Maryury Mosquera has travelled from the rainforest of Choco Colombia to COP26 to raise awareness of the importance of protecting and preserving one of the most important biodiversity hotspots in the world, Choco, which is also one of the focal points of the Colombian conflict.
Choco department, located in the Pacific basin of the Choco Biographical Region, extends from the Andes mountains to the Pacific Ocean and the Caribbean Sea. Its high rates of vegetation cover, forests, mangroves and jungles make it a key carbon storage epicenter to combat the effects of climate change.
It is also crucial to the migration patterns of hundreds of species and a breeding area for turtles and whales.
Choco is of historic and ancestral importance, approximately 90% of the population are Indigenous and Afro-Colombian; communities whose worldviews are intimately intertwined with the land and its natural resources. The government has little presence in this remote region, and for decades guerrillas and paramilitaries have set up bases there, brutalising the local populations and ravaging the environment.
For years, the region has suffered from illegal mining, causing forced displacement of entire communities and gravely polluting the river, making it unsafe for people to bathe or fish.
River guardians: The Colombian Court created a body of 14 Indigenous and Afro-Colombian Guardians elected by the communities along the river Atrato to engage with the state to ensure the implementation of its ruling.
They together with the Colombian Environment Minister form the Atrato River Guardians.
Maryury Mosquera Palacios represents the Afro-descendant community council of Cocomopoca as a Guardian of the Atrato River, the most important river in Choco.
The Indigenous and Afro-Colombian communities of Choco together with environmental lawyer Viviana Gonzalez, also attending COP26, took the Colombian state to the Constitutional Court and won a ground-breaking decision which gave bio-cultural rights to the river Atrato. This decision and that of the New Zealand Court were the first in the world to give rights to rivers.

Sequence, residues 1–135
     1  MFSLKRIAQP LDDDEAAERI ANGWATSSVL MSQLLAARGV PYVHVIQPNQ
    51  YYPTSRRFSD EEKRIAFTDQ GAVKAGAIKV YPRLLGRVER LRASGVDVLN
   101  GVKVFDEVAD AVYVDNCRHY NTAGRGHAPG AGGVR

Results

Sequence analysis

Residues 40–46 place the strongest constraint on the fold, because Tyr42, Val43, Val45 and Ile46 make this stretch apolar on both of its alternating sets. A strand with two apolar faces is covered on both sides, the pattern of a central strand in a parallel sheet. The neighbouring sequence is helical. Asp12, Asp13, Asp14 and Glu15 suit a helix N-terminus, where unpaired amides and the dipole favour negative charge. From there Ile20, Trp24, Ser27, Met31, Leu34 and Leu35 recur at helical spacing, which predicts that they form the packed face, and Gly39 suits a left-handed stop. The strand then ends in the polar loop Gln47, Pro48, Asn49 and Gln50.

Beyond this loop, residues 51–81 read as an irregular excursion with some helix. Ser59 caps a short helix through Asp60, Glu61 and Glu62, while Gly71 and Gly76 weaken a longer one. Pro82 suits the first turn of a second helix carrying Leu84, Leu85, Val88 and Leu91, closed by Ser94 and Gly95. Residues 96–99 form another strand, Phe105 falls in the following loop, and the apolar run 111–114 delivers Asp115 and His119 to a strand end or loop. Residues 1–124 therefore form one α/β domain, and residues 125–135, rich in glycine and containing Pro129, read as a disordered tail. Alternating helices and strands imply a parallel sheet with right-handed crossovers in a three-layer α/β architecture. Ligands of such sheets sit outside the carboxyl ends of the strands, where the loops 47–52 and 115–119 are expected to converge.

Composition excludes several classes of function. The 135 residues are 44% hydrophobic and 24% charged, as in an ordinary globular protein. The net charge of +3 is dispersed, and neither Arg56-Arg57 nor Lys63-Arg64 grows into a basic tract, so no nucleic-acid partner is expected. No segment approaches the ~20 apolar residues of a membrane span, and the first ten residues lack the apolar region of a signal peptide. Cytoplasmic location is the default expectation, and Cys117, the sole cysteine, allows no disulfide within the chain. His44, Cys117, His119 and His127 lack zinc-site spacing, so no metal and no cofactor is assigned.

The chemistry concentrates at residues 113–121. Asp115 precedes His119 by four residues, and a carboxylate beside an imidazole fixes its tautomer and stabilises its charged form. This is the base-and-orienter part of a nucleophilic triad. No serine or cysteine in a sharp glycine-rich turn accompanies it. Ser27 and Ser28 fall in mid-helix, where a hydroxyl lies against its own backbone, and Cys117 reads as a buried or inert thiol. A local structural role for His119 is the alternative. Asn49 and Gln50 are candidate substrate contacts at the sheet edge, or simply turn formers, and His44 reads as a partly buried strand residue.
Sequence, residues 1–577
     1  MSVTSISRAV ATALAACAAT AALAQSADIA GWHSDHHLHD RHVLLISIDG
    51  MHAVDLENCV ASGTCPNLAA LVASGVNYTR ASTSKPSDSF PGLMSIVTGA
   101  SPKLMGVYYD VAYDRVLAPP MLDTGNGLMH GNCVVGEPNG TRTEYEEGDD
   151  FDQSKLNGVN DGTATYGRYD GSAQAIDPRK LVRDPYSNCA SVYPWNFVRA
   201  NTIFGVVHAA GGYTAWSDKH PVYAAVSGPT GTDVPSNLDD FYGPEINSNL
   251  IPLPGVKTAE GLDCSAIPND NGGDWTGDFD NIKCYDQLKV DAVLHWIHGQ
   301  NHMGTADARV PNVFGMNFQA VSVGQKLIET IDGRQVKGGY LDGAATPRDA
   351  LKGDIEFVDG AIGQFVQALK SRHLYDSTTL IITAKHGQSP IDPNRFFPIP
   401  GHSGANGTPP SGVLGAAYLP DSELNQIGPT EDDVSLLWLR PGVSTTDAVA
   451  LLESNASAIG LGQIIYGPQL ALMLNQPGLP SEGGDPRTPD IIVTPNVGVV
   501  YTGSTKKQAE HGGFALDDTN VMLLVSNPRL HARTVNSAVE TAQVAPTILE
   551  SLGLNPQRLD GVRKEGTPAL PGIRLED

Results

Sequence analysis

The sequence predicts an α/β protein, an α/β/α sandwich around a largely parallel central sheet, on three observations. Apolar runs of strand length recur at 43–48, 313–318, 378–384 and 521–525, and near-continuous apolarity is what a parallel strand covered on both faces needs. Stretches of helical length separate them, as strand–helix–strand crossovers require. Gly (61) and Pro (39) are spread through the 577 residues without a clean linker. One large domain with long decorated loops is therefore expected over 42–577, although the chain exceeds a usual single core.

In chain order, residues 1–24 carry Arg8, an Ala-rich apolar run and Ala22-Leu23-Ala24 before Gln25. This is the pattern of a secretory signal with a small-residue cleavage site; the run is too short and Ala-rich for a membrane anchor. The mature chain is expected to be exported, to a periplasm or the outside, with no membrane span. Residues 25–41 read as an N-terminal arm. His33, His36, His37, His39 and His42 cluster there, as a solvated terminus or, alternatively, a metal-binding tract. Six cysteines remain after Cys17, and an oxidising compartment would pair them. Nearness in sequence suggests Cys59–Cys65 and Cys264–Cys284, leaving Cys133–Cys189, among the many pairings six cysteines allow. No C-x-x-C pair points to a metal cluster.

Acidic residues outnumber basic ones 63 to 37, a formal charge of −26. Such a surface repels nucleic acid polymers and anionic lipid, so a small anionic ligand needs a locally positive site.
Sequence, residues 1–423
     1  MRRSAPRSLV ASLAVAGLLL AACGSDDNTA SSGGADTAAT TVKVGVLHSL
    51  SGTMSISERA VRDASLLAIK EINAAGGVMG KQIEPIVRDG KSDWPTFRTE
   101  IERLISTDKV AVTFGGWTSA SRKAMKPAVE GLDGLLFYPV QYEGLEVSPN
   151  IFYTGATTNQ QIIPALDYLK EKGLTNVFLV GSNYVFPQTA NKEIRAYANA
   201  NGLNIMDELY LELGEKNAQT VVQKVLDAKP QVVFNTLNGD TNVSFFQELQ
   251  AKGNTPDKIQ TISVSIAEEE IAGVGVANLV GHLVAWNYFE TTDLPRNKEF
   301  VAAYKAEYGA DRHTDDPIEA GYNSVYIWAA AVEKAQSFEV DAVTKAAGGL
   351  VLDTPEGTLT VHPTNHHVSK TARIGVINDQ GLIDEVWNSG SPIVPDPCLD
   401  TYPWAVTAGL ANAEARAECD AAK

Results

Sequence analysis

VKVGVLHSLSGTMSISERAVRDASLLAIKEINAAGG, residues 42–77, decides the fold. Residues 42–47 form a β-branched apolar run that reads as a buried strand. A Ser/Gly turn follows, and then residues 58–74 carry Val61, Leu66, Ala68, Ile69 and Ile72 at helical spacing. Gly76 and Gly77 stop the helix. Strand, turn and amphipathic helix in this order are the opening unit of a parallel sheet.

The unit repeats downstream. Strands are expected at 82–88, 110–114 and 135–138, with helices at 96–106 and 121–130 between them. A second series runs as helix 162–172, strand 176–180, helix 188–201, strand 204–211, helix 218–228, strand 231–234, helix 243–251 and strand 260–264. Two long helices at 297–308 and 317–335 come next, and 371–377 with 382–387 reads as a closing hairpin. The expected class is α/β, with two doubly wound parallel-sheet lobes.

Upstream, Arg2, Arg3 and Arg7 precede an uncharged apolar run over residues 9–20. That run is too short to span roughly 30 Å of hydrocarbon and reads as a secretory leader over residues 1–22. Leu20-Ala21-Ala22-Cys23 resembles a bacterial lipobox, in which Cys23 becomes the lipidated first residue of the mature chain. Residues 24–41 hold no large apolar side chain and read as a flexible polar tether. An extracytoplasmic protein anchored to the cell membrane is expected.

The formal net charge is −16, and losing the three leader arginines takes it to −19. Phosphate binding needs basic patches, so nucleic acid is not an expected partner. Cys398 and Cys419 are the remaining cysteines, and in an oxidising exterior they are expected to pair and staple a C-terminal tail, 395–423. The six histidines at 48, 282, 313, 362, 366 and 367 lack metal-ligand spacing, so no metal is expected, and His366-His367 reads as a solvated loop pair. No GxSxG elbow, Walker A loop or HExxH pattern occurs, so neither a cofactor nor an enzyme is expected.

“Our communities are struggling to ensure the protection of our river it is the source of life for us. We are here calling on people and nations to join us as Atrato River Guardians,” says Maryury.
Afro-Colombians settled in Choco when they overcame slavery joining the five indigenous tribes living in this region. They are leading a legal battle to prevent the destruction of their territory, livelihoods, culture and the biodiversity of this unique tropical gem – Choco.
Choco, is being destroyed by illegal gold mining churning up the riverbeds, extracting gold from the sediment and washing mercury back into the river.
There is also a massive deforestation, as large swaths of forest are cleared by commercial logging, and for bringing in mining equipment.
These operations are protected by illegal armed groups making it impossible for community leaders to stop illegal activities taking place in their territories.
In spite of the harsh conditions such as, the armed conflict, illegal gold mining and deforestation, and racial discrimination, Choco is characterised by people who have been persistent in organising themselves, in demanding structural changes, creating human rights networks nationally and internationally to defending their way of life, the environment, their culture and cosmovision.
This culminated in winning a legal battle but there is now a far greater challenge how to get that legal ruling implemented.
“The commitments of states to combat climate change must also include strong measures to control extractive industries, guarantee human rights, and respect the cultural practices of local communities,” says Viviana Gonzalez, environmental lawyer and deputy director of litigation NGO the Centro Sociojuridico SIEMBRA.
Maryury and Viviana are at COP26 to raise awareness of the destruction that is happening in Choco, and the need for world leaders to ensure that the region of Choco, which offers so much to the world in terms of biodiversity, culture and wildlife, as well as a key carbon storage epicenter to combat the effects of climate change, is not destroyed.
The Colombian Government despite being a COP26 Climate Change Champion has taken little action in the six years since the ruling, to dismantle the illegal gold mining operations, which grew exponentially during the Covid lockdown, according to the Satellite mapping undertaken by Portsmouth University, or to halt the deforestation.
(Also with Maryury and Viviana is Alejandro Perez, SNPS Senior Specialist in advocacy and peace issues, where he has been accompanying different communities affected by violence and environmental destruction. They were Invited by ABColombia, the visited the UK for the COP26 Summit.)